verb (used with object)
verb (used without object)
Origin of buoy
Synonyms for buoy
Related Words for buoyedbolster, boost, cheer, encourage, hearten, lift, prop, raise, support, sustain, uphold
Examples from the Web for buoyed
Contemporary Examples of buoyed
Last year, buoyed by his 2012 reelection, Obama dismissed the notion of schmoozing with his Republican tormentors on Capitol Hill.Can Obama and a Republican Senate Find Common Ground?
November 4, 2014
That case was buoyed by a federal investigation into how Cuomo conducted a commission he created to root out Albany corruption.
Cuomo in turn was buoyed by big margins in New York City and its surrounding suburbs.
But by 1928, he was ready to get back into the fray, buoyed by supporters in and out of the media.From The Square Deal to The New Deal: The Overlapping Political Identities of TR and FDR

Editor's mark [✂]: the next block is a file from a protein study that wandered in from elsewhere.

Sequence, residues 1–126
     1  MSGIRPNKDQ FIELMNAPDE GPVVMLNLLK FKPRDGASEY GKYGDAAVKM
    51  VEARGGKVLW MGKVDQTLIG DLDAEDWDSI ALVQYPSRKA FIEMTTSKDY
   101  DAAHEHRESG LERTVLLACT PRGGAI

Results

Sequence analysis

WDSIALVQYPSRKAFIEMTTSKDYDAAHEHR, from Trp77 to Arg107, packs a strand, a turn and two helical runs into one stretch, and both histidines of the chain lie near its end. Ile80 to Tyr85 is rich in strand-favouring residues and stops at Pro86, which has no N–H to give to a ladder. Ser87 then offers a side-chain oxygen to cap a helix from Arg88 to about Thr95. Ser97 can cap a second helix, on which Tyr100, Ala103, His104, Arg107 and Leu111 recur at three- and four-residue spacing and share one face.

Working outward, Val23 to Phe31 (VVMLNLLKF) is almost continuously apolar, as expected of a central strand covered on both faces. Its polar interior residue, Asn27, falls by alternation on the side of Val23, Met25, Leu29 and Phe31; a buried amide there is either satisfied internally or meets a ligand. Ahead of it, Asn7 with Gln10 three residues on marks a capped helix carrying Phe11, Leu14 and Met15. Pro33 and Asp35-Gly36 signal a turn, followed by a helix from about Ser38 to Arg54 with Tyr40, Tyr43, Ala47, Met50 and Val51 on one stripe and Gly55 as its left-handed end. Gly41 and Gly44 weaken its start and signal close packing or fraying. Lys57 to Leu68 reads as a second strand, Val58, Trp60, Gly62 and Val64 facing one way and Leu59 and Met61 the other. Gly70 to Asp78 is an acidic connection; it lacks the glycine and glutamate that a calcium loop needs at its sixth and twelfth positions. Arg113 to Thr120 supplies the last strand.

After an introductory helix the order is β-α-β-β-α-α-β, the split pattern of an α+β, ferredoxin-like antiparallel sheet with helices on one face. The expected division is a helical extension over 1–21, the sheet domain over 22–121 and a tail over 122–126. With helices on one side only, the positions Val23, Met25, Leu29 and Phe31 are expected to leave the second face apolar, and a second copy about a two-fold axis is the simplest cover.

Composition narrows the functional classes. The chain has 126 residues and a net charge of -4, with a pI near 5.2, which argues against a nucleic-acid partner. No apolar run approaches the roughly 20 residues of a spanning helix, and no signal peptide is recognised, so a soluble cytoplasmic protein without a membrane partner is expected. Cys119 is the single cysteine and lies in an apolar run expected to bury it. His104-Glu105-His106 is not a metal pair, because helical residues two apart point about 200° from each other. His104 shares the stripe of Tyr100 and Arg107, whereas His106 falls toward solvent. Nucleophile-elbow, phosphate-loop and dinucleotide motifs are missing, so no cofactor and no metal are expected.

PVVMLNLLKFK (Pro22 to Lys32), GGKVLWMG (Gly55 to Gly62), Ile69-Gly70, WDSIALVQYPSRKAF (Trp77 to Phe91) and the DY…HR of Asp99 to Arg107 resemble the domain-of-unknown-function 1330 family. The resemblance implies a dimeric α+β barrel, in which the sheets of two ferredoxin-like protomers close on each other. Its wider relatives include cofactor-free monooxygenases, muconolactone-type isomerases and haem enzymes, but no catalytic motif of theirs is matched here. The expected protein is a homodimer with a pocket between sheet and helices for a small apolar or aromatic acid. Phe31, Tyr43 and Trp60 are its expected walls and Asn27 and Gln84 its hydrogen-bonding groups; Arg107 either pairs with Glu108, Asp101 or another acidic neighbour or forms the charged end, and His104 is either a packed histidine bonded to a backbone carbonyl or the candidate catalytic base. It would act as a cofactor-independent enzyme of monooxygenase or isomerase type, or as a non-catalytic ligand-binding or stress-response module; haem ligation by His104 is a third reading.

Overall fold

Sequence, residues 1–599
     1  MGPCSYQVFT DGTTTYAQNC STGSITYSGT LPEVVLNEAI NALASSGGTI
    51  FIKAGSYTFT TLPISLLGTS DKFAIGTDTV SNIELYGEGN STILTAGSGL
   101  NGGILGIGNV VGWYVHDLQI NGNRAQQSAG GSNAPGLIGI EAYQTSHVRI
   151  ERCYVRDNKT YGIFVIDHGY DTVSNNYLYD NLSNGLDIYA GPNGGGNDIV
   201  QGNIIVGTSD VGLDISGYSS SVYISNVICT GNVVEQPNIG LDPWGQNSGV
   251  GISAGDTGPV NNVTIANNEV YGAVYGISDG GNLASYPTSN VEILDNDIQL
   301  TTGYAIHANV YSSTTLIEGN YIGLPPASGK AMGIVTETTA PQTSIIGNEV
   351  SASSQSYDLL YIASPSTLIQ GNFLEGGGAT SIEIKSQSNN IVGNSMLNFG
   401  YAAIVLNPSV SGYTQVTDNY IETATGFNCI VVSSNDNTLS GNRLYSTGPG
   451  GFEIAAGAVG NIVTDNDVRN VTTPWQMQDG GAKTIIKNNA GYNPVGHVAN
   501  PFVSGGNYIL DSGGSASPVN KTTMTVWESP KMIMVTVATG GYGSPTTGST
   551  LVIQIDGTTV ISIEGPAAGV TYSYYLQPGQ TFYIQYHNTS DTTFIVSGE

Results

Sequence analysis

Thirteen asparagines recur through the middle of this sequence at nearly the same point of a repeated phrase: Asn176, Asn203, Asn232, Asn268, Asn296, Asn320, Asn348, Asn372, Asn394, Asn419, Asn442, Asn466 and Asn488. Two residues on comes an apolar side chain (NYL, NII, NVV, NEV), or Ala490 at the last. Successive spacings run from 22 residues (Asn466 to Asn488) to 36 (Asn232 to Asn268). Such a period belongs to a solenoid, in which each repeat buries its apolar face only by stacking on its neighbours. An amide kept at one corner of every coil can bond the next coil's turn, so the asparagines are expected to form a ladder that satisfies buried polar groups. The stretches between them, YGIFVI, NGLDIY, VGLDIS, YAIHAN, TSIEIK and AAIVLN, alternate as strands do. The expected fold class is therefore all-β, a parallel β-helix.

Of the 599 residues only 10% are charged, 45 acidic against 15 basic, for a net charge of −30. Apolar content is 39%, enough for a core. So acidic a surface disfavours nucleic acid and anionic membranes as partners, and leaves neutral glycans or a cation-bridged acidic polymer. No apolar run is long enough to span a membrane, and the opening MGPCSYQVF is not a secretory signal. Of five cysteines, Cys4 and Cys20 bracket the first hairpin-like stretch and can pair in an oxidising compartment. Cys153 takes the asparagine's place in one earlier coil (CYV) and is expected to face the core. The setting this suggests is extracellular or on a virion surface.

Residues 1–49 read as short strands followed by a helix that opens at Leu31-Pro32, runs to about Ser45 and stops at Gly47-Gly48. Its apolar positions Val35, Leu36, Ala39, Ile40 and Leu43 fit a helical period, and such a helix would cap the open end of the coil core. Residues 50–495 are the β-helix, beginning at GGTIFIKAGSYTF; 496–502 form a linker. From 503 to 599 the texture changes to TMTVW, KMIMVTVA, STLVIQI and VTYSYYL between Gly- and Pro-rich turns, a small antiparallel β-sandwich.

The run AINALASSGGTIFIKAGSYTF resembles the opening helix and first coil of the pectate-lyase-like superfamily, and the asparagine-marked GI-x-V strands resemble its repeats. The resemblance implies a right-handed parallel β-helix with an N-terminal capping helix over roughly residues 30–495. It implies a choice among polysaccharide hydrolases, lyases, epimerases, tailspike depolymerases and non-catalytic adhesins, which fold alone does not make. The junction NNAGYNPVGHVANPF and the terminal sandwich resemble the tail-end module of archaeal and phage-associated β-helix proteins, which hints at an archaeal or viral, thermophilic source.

September 9, 2014
The state is also one where Obama won 44% of the vote in 2012 buoyed by high African-American turnout.Runoff Required in Mississippi’s Dirtiest Primary
June 4, 2014
Historical Examples of buoyed
Then Pounddug Slough was kept thoroughly dredged and buoyed.The Woman-Haters
Joseph C. Lincoln
It was just this which kept the girl from her pillow, buoyed by a feverish excitement.Nobody
Louis Joseph Vance
He was floating, a pale red, velvety air caressed him and buoyed him.They Twinkled Like Jewels
Philip Jos Farmer
Now all nets are “swum,” that is to say, all are above the warps and are buoyed on the surface.Edward FitzGerald and "Posh"
Buoyed up by so much excitement, Johnnie managed to stand for a moment.The Rich Little Poor Boy
Word Origin for buoy
late 16c., "to mark with a buoy," from buoy (n.). Meaning "rise up, lift, sustain" is from c.1600, perhaps influenced by Spanish boyar "to float," ultimately from the same source. In the figurative sense (of hopes, spirits, etc.) it is recorded from 1640s. Related: Buoyed; buoying.